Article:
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Quarterly Essay 75: Men at Work

Australia's Parenthood Trap
Narrated by: Annabel Crabb
Length: 2 hrs and 37 mins
Categories: Non-fiction, Gender Issues
5 out of 5 stars (572 ratings)

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Publisher's Summary

When New Zealand’s prime minister, Jacinda Ardern, announced her pregnancy, the headlines raced around the world. But when Scott Morrison and Josh Frydenberg became the first prime minister and treasurer duo since the 1970s to take on the roles while bringing up young children, this detail passed largely without notice. Why do we still accept that fathers will be absent? Why do so few men take parental leave in this country? Why is flexible and part-time work still largely a female preserve?

In the past half-century, women have revolutionised the way they work and live. But men’s lives have changed remarkably little. Why? Is it because men don’t want to change? Or is it because, every day in various ways, they are told they shouldn’t?

In Men at Work, Annabel Crabb deploys political observation, workplace research and her characteristic humour and intelligence to argue that gender equity cannot be achieved until men are as free to leave the workplace (when their lives demand it) as women are to enter it.

'Women’s surge into the workplace has been profound over the last century. But it hasn’t been matched by movement in the other direction: while the entrances have been opened to women, the exits are still significantly blocked to men. And if women have benefited from the sentiment that ‘girls can do anything,’ then don’t we similarly owe it to the fathers, mothers and children of the future to ensure that ‘boys can do anything’ means everything from home to work?'

©2019 Annabel Crabb (P)2019 Audible Australia Pty Ltd.

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Culture change

I really enjoyed listening to this essay. I loved that it's in Annabel's own voice and I found her research, information and interviews interesting and thought provoking. I've recommended it to a few people, and have emphasised even if they don't have children, the concept of challenging and changing the status quo and how this is done, is one of the important messages that I took from this essay.

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a great looks at an intrinsic paradigm

loved this essay, with a 9 week old in our house and a wife that has a higher salary then me, it has sparked our thinking and opened discussion.

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The century for men’s liberation

Such an important conversation at the beginning of the century for men’s liberation. Thank you Annabel Crabb and to all the great researchers you draw on.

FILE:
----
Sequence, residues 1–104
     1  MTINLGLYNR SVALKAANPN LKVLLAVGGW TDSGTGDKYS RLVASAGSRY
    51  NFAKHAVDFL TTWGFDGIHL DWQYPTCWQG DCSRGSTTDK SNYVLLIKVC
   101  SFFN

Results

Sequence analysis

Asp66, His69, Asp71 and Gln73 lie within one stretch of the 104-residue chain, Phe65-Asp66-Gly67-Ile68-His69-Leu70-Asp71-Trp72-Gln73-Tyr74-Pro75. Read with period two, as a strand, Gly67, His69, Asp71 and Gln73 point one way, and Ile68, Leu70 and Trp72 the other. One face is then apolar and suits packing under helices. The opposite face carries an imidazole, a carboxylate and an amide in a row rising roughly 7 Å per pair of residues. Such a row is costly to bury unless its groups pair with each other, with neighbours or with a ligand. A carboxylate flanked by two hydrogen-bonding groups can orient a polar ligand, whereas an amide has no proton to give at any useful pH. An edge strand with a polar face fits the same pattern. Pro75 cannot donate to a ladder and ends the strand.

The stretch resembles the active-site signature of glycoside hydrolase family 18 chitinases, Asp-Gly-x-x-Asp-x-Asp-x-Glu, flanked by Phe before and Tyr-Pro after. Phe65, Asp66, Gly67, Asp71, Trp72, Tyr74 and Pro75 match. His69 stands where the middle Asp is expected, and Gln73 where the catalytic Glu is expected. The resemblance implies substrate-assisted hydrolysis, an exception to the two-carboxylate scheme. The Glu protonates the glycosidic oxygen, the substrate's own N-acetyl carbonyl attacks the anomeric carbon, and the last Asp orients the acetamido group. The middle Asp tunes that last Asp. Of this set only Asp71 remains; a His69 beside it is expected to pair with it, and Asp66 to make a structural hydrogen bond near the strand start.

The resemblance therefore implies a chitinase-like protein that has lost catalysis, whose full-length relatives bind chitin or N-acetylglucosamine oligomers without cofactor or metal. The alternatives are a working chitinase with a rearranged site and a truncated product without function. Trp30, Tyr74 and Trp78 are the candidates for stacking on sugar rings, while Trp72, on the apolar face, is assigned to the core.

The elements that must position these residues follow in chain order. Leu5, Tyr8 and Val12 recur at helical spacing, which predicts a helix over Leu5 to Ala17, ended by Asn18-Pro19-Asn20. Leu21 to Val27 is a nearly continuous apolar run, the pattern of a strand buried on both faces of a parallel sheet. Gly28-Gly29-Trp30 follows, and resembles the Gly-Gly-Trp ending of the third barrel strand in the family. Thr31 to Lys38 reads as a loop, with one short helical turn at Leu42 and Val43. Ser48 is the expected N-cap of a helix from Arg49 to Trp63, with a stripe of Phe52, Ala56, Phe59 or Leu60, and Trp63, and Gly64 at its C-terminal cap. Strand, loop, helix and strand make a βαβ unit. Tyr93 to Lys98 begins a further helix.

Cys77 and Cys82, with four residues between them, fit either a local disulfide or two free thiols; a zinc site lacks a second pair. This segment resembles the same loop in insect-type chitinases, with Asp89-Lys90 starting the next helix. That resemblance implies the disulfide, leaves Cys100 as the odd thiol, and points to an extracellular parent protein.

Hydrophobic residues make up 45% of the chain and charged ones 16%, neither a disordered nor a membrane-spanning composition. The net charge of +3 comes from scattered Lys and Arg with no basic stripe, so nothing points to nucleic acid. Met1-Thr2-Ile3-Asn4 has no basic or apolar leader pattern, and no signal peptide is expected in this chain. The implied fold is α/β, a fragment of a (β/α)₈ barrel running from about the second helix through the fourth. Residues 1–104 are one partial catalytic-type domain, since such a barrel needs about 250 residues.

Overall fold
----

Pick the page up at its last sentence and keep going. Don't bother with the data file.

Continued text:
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super interesting and insightful

made me think about a lot of things I hadn't considered in terms of equality and family balance. definitely worth a listen!

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Well researched and humourous

It was easy listening, very informative and funny. Made me think how much our attitudes towards parental leave lag behind other countries.

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Disappointing Production quality

The essay is great and having it read by the author is always a treat. My only, if fickle, criticism was the production quality. The transition between chapters was especially clunky.

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Should be compulsory listening for all parents

I don't know if I'll ever be able to get my husband to listen to this, his attention span isn't so good... It has, however, struck a massive chord with me and I'm already rethinking our division of childcare, work and housework.
Annabel goes to a lot of effort to explain a hugely complex issue in detail and using varied examples, and not just the “Us vs Norway” one, though that comparison is pretty much unavoidable, as she explains!
Really can’t recommend this enough, to anyone who has, is about to have, or thinking of having children or just anyone who works in Australia - this issue affects all of us to some degree!

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Interesting read

Annabel provides an interesting - if not surprising perspective on men and women in the workforce who are doing their best to juggle the array of parental responsibilities. Annabel highlights situations where men are applauded for attempting tasks that women are expected to perform without recognition or praise, importantly this is done while managing to provide a degree of comedy in the day to day job raising small humans.

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Small quibble from me.

Thank you, appreciated the essay. In the production /presentation you need maybe 2 seconds of space at the end of a chapter and before the next.

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Insightful and visionary

Who knew there was so much more to say about why men don’t take parental leave. Annabelle leaves no Sturm unturned with her wry sense of humour provides insight and mirth. Get those men home and we’ll have happier families, better adjusted kids and get closer to equal pay for women!

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  • Lina
  • 18-09-2019

Annabel rocks

Excellent study of this important social issue from a different point of view which is very significant. Well worth listening to👍

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  • Mrsdztb
  • 10-09-2019

Outstanding

Such a great essay and brilliantly narrated by the author! Fascinating issues and thought provoking